The Junkins fire started early Monday morning (10/17) in the Junkins Park area of Custer County Colorado during Red Flag Warning conditions. The fire exhibited extreme fire behavior due to dry conditions and 70 mph wind gusts.  Officials moved to evacuate homes in the immediate fire path as the fire quickly burned to over 15,000 acres as of 1:30 pm today (10/18). A type-1 incident management team has been ordered and is expected to take over command of the fire tomorrow morning (10/19/2016).

Junkins Fire Perimeter Map

The Junkins Fire perimeter as of October 18, 2016

Fire Outlook

Officials expect fierce winds to continue through tonight, but the fire’s growth has slowed as firefighters focus on structure protection and building containment lines. There has been some significant progress made on the north side of the fire, and fire officials are hopeful to stop forward progress of the north front overnight. There are four air tankers, seven helicopters, and 115 firefighters on scene, with more resources on the way.

Example Fire Facts

  • As of: October 18th, 2016
  • Location: 11 miles east of Westcliffe, CO
  • Size: 15,751 acres
  • Containment: 0%
  • Fire Behavior: Rapid fire spread through conifers, aspen and grass.
  • Structures Threatened: 281 (reported)
  • Structures Destroyed: 7 (2 homes and 5 outbuildings)
  • Evacuations: 250 homes are under mandatory evacuation and 3,500 homes are in a pre-evacuation status.
  • Incident Page: http://inciweb.nwcg.gov/incident/5071/
  • News Article: The Gazette

Twelve Weeks Later: Soberanes Fire 100% Contained

Soberanes Fire Recap

The Soberanes Fire in northern California has finally wound down, with officials marking the blaze at 100% contained as of Wednesday evening (10/12).  The fire ignited from an illegal campfire on July 22nd–a full twelve weeks ago–and in the first week, destroyed 57 residences and 11 outbuildings.  Luckily, no other losses have been reported since then.


How Soberanes Compares to Other Fires

The progress of the fire has been mostly stalled for weeks, with fire crews focusing on building containment lines in the troublesome and rugged terrain of the Ventana Wilderness (LPF).  Subsequently, the fire perimeter and acreage has not budged much since late September.  Collectively, the fire has topped a record $250m in suppression costs, dwarfing the previous high from 2002 of $165m (Biscuit Fire). The Soberanes Fire finished its run at 132,127 acres which is good for 17th place in California’s documented history and 6th largest ever in the Los Padres National Forest. The sheer size of the wildfire is apparent in comparison to both the San Francisco Bay Area and New York City.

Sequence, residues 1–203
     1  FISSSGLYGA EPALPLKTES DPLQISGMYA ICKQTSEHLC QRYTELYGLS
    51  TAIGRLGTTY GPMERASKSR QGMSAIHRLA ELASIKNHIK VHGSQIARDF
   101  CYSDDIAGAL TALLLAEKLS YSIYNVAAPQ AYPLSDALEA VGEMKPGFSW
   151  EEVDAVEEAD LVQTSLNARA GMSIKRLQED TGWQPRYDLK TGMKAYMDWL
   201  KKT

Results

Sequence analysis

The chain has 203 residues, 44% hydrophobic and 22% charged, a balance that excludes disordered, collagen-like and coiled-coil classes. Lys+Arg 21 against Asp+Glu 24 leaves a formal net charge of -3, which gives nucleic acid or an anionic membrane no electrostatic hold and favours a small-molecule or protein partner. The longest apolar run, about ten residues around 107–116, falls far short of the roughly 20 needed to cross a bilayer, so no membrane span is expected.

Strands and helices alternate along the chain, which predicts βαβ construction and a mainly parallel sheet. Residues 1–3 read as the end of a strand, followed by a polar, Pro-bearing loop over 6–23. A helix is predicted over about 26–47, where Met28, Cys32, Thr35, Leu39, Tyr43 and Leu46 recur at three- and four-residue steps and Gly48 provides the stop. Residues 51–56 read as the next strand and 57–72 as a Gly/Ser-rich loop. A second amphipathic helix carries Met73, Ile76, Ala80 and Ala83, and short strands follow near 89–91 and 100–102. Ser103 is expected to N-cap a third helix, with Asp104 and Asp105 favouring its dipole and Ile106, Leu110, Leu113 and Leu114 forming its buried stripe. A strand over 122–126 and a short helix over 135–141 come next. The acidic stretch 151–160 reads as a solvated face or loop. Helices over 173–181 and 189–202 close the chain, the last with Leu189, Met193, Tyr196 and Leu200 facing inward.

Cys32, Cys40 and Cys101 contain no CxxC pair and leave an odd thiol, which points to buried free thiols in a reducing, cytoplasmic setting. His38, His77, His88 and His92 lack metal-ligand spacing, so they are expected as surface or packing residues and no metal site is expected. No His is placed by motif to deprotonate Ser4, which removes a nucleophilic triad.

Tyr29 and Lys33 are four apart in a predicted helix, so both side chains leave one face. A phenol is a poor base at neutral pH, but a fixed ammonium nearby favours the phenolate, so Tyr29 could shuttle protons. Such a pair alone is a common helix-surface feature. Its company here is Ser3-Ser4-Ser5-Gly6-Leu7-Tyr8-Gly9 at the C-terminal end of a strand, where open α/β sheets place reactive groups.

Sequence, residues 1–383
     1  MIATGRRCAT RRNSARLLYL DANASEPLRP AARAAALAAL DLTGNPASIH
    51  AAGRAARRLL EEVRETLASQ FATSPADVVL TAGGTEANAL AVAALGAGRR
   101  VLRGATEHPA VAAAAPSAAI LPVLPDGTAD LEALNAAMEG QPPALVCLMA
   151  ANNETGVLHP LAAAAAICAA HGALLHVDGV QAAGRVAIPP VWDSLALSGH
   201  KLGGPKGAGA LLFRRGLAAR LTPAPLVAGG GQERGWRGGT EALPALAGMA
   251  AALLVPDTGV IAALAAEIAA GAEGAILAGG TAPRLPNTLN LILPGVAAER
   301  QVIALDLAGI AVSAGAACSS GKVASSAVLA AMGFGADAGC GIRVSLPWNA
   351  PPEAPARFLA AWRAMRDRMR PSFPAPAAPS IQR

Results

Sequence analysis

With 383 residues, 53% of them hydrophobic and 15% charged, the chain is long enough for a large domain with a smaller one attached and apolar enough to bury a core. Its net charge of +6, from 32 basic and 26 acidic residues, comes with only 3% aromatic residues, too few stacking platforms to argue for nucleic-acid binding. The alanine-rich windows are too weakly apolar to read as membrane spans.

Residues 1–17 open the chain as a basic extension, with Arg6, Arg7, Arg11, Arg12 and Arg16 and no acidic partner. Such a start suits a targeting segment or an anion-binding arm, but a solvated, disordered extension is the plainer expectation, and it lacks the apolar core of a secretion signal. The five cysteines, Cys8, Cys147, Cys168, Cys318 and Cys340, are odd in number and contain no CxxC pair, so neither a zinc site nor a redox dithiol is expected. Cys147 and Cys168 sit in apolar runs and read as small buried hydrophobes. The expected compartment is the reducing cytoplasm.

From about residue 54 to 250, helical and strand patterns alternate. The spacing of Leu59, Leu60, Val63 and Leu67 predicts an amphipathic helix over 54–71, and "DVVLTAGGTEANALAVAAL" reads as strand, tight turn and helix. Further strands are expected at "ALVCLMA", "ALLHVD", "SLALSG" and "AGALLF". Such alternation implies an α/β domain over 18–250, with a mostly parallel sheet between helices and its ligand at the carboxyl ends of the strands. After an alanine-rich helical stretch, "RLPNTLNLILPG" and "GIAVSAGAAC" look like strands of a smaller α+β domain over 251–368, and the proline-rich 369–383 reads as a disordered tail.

Soberanes Fire size comparison with SF and NYC

Soberanes Fire size comparison with NYC and SF


Soberanes Fire Facts (10/14)

  • Started: July 22nd, 2016
  • Contained: Oct 12th, 2016 (83 days)
  • Location:  Big Sur, CA
  • Size: 132,127 acres
    • 94,933 acres CA-LPF – 72%
    • 37,194 acres CALFIRE BEU – 28%
  • Containment: 100%
  • Fire Behavior: Interior smoldering with sporadic smoke possible.
  • Structures Threatened: 0
  • Structures Destroyed: 68 (57 primary, 11 outbuildings)
  • Cost to Date: $249.9+ million
  • Incident Page: Inciweb
  • News Article: KSBW News


IMT Assignments

Since the blaze began, seven different incident management teams have been assigned to the storied fire (see list below). California’s IMT2 (Mills) team is expected to see out the remaining 21% of suppression repair and continue to BAER (Burned Area Emergency Response) operations.  The full list of IMTs assigned to Soberanes:

  • CAL FIRE Team 4 IC (Derum) taking command on 07/23/2016 at 1200
  • CAL FIRE IMT (Derum) in unified command with CA IMT1 (von Tillow) on 08/05/2016
  • CA IMT1 (von Tillow) in unified command with CAL FIRE IMT (King BEU) 08/19/2016 at 0600
  • CA IMT1 (von Tillow) transferred command to AK IMT1 (Kurth) @ 0700 8/24/2016, No more unified command
  • CA IMT1 (Opliger) will transition on 09/13/2016 at 0600
  • CA IMT2 (Arroyo) assumed command of incident 09/29/2016 at 0800
  • CA IMT2 (Mills) will assume command 10/13/2016 at 0600

Sources:

Inciweb

NIFC

KSBW News

Loma Fire Burns in Santa Cruz Mountains

The Loma fire started Monday afternoon (9/26) along Loma Chiquita Road in Los Gatos, CA and quickly spread along the ridgeline to the north and east. As the fire began growing, it threatened numerous structures and radio towers along Loma Chiquita Ridge. Subsequently, homeowners began to evacuate the area before any official evacuations were put in place simply due to the extreme fire behavior that was being observed. Concern over the fire’s extreme behavior prompted the diversion of fire crews that were originally en route to the Sawmill fire.  Those crews were reassigned to become initial-attack resources on the Loma incident instead. Currently, fire officials are reporting that 7 structures were lost and 300 others are threatened by the blaze. As of midday Tuesday (9/27) the Loma Fire is 2,000 acres and 5% contained.

Loma Fire Perimeter from this morning's Flight

Loma Fire Perimeter from this morning’s IR flight


Loma Fire Outlook

The fire burned overnight and continues to spew smoke in the Santa Cruz Mountains today. The nearby Morgan Hill Webcam is showing the fire growing on the east side of the 3,700 ft. Loma Prieta Peak. As the fire moves into its second burn period, more resources are set to arrive to help contain the blaze. Fortunately, the hot and dry weather of the past few days Santa Ana influence will subside tomorrow. Coastal areas will see onshore flow return today and a cooling trend will arrive Wednesday and Thursday with a Pacific trough approaching the area. As a result, temperatures will substantially drop, RH levels will rise, and the extreme fire conditions should diminish (though strong NW winds are set to arrive). Furthermore, the forecast calls for a return to autumn-like conditions with highs in the 60s and 70s by the end of the week.